David Wells hasn’t watched baseball in four years, says today’s players are ‘pampered’

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By , Audacy

Once considered our national pastime, baseball now finds itself a distant third (perhaps fourth, if you consider college football) in America’s sports pecking order. A tug of war is being waged between stubborn purists and the spreadsheet generation hopelessly in love with analytics, waxing poetic about pitch counts and launch angle.

Born and raised on social media, where content is distilled into easily digestible 30-second clips, baseball’s popularity continues to wane among the millennial demographic with little hope of improvement even as commissioner Rob Manfred caters to younger fans, making the game more accessible with new extra innings rules, a universal DH and expanded playoffs. Speaking on baseball’s current existential crisis, torn between two vastly different identities, David Wells thinks the sport is headed in the wrong direction, lamenting entitled players who care more about making money than putting their bodies on the line night in and night out.

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“I don’t like it. I haven’t watched baseball in four years,” Wells told Jon “Stugotz” Weiner of The Dan Le Batard Show. “It’s a different breed right now. They’re pampered a little bit. They’re coddled.”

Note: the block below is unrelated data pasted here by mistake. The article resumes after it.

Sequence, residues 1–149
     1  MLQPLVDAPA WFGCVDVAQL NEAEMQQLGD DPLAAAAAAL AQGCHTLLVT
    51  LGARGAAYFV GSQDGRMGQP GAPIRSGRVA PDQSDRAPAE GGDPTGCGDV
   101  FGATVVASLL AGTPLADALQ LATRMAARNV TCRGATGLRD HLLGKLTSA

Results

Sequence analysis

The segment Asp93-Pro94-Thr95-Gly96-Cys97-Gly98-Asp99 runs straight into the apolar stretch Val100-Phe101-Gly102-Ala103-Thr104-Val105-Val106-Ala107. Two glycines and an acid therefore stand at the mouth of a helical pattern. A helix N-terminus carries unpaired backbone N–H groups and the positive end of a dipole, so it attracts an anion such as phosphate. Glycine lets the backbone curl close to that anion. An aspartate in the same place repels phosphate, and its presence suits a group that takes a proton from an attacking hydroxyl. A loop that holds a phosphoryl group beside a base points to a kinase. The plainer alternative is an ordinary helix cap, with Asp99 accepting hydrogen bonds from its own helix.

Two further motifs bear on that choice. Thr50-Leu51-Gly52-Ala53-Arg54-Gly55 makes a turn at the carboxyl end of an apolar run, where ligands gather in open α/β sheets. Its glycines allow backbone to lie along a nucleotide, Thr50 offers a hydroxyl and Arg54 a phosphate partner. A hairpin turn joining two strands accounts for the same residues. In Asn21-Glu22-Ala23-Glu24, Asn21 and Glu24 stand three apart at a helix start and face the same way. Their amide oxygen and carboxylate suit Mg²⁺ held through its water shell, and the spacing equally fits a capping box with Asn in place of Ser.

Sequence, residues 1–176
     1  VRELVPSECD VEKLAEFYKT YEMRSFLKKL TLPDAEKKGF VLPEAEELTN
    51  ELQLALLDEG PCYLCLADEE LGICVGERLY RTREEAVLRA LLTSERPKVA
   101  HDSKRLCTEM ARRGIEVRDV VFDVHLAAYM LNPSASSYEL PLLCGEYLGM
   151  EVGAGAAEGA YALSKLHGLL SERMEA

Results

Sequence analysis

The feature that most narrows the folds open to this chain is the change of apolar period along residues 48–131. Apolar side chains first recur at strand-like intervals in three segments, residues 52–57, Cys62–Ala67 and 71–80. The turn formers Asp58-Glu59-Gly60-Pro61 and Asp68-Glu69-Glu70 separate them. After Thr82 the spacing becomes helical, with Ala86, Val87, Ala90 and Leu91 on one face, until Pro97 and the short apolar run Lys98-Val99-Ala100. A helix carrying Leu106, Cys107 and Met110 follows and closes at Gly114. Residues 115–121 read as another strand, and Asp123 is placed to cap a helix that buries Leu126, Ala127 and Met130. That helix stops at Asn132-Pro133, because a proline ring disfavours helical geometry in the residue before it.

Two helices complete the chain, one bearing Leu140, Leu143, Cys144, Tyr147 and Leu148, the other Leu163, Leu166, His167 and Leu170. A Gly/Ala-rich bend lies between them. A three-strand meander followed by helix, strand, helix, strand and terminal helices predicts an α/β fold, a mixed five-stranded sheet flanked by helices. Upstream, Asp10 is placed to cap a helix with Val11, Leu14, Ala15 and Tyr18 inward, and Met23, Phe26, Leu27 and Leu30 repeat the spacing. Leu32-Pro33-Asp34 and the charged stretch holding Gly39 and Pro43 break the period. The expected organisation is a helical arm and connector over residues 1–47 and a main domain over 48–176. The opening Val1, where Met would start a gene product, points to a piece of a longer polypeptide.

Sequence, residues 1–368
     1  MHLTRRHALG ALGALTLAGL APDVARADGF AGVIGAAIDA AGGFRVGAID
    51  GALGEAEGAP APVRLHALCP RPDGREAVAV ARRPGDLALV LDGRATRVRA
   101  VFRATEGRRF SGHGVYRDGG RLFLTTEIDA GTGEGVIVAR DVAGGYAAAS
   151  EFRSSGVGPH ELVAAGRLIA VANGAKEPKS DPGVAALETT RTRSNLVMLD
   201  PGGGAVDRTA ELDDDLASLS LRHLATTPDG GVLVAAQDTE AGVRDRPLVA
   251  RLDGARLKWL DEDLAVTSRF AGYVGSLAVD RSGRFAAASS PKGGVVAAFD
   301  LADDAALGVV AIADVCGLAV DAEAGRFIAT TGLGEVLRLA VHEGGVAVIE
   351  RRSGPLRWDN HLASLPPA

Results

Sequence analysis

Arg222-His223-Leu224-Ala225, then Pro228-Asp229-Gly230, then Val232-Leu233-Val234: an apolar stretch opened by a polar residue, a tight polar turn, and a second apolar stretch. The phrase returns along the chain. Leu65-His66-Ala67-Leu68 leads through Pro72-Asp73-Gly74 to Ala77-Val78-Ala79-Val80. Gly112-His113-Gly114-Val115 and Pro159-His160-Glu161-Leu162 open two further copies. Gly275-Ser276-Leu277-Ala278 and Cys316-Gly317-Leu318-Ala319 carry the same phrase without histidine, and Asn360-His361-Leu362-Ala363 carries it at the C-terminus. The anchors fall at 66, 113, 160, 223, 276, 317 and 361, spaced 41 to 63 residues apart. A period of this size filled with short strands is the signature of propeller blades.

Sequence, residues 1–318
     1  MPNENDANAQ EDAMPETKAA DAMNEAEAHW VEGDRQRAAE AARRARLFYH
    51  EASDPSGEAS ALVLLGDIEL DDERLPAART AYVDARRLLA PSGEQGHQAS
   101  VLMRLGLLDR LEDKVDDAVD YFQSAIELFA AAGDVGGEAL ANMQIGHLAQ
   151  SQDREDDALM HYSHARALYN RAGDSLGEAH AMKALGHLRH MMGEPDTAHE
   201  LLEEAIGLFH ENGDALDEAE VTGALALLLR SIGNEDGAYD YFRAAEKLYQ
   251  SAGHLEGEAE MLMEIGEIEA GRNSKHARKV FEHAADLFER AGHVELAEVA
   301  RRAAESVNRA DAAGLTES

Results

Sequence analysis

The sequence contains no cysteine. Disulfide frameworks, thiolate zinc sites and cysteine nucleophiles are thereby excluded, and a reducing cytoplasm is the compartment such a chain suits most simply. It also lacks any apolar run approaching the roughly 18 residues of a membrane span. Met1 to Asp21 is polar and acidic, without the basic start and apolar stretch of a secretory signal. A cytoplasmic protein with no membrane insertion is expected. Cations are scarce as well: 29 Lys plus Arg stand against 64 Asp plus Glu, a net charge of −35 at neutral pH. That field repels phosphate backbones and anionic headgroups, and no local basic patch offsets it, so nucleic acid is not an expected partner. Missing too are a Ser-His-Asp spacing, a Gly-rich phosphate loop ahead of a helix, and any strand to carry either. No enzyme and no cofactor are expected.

Workhorses in the mold of Wells, a three-time All-Star and two-time World Series champ, are fighting for survival. There are exceptions—snarling Mets ace Max Scherzer and his former teammate Justin Verlander, who, at 39, remains the gold standard among big-league hurlers. Pitchers are believed to be less effective going through the order a third time, a hypothesis supported by advanced metrics. With teams now subscribing to that theory, the average starter is lucky to make it five innings without getting tapped on the shoulder. It’s inevitable that sports evolve over time as technology uncovers more efficient paths to success, but aesthetically, Wells prefers the way the game was played in the 80s and 90s, when warriors like Orel Hershiser and Nolan Ryan reigned supreme.

“You got to have that bulldog mentality. You look at Orel Hershiser. He was the epitome of that. He didn’t care, he was just grinding, and look at what he did. Coach comes out, [he says] ‘Sit your ass right back in the dugout. I’m good out here, what are you going to tell me?’” said Wells, who was in town for the American Century Championship, a celebrity golf tournament held annually in Lake Tahoe. “They’re bitching and complaining about speeding the game up. You got so many changes. Umpires, review, it’s all eyewash.”

Wells’ former team, the New York Yankees, are having an historic season, but the left-hander doesn’t seem particularly compelled to follow along, swearing off a sport that bears little resemblance to the one he once dominated.

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Featured Image Photo Credit: Paul Morigi, Getty Images